The Tale of Brecknock Mere
I cannot miss the opportunity of telling you about an event which happened at Brecknock Mere a few years ago. As it happened, the Welshman Gruffydd, son of Rhys ap Tewdwr, was lord of a commote, that is the quarter of a cantref, in Cantref Bychan, called Caeo, which he held in tenure from King Henry. It was considered equal in importance and repute to South Wales, which the Welsh call Deheubarth, that is Right-Hand Wales.
One day Gruffydd, who was returning home from the King's court, passed by this lake which, it being the cold winter season, was covered with waterfowl of one sort and another. He was accompanied by Miles, Sheriff of Gloucester and Lord of Brecknock, and by Payn FitzJohn, who holds Ewias, both of them secretaries and Privy Councillors of the King, and men of great importance.
Lord Miles was chaffing Gruffydd about his claim to noble blood. His remarks were not meant to be taken seriously, for he was trying to be funny. "There is an old saying in Wales," he went on, "that if the rightful ruler of the land comes to this lake and orders the birds there to sing, they all burst into song."
Gruffydd had more wit than wealth, for, although he had not inherited much property, he was ambitious enough and second to none in self-esteem. "Well, he answered, "you now rule the country, so you had better be the first to speak to them." The waterfowl took no notice at all of Miles. Then Payn spoke to them, but again they took no notice.
Gruffydd saw that his two companions would insist that he should address the birds in his turn. He got off his horse, knelt down facing the east, and then, as if he were about to fight a battle, he fell forward face to the ground and lay there flat. Then he raised his eyes and hands to heaven and prayed devoutly to God. When his prayer was finished, he stood up, marked his face and forehead with the sign of the Cross, and said in a loud clear voice: "Almighty and omnipotent God, Jesus Christ our Lord, show Your miraculous power to us here today. If You have ordained that I should descend in direct line from the five princes of Wales, make these birds declare it in Your name." Immediately all the birds, each according to his kind, beat the water with their wings and began to sing with one accord and to proclaim him master.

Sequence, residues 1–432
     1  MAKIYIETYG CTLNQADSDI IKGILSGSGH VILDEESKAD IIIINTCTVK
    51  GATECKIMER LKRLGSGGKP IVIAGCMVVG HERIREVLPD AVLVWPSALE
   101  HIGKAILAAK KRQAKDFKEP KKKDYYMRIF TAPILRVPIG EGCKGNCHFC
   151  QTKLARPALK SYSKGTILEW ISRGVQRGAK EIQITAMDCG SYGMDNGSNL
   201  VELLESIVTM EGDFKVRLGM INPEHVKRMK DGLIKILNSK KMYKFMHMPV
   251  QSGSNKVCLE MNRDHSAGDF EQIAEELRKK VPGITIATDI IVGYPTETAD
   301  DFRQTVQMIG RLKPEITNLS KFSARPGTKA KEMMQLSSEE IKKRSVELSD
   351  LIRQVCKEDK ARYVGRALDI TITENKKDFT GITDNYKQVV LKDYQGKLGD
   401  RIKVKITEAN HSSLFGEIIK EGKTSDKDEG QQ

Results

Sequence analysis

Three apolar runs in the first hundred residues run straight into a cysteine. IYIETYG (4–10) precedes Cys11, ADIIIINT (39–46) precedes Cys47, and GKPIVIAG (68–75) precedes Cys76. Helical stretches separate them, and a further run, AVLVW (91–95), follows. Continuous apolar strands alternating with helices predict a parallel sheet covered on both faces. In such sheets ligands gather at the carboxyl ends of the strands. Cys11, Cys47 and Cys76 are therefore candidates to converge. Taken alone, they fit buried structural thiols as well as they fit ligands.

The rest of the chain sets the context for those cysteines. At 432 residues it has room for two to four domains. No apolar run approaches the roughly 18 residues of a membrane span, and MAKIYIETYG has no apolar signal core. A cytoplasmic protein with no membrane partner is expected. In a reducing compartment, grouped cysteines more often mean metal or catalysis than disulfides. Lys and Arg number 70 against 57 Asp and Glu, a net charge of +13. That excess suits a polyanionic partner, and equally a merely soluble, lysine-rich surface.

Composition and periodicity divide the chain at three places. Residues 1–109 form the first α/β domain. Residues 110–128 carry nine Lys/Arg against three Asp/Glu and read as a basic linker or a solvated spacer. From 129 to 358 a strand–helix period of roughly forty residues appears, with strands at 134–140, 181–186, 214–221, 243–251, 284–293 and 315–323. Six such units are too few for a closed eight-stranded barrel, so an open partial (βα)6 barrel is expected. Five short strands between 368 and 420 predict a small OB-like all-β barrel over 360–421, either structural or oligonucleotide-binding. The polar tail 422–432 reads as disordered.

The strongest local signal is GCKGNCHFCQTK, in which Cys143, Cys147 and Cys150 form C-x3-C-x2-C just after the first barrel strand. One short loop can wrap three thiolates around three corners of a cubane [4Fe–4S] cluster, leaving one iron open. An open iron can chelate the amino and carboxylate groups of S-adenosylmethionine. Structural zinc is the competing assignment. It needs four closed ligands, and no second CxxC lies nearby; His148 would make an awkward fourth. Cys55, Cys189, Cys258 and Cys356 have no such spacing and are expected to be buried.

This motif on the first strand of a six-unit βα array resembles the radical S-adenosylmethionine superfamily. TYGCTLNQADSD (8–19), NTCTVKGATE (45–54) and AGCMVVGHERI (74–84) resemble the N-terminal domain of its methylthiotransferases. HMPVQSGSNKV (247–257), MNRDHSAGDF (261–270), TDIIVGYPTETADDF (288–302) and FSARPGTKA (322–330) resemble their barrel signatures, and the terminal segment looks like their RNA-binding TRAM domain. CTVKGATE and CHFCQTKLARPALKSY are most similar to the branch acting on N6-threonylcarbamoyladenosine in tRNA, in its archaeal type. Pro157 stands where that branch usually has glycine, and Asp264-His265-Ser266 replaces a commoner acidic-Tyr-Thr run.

All present were dumbfounded and astonished. Miles and Payn hurried back to the King's court. They were greatly impressed by what had happened and gave the King a detailed account of it. He listened to what they had to say and then replied: "By the death of Christ," for that was his favourite oath, "I am not the slightest bit surprised. It is we who hold the power, and so we are free to commit acts of violence and injustice against these people, and yet we know full well that it is they who are the rightful heirs to the land."
The local inhabitants will assure you that the lake has many miraculous properties. It sometimes turns bright green, and it has been known to become scarlet, not all over, but as if blood were flowing along certain currents and eddies. What is more, those who live there sometimes observe it to be totally covered with buildings or rich pasture-lands, or adorned with gardens and orchards. In the winter months, when it is covered with ice, and when the surface is frozen over with a smooth and slippery coat, it emits a horrible groaning sound, like the lowing of a vast herd of cattle all driven together in one place. It is possible, of course, that this is caused by the cracking of the ice and the sudden violent eruption of enclosed pockets of air through vents imperceptible to the eye.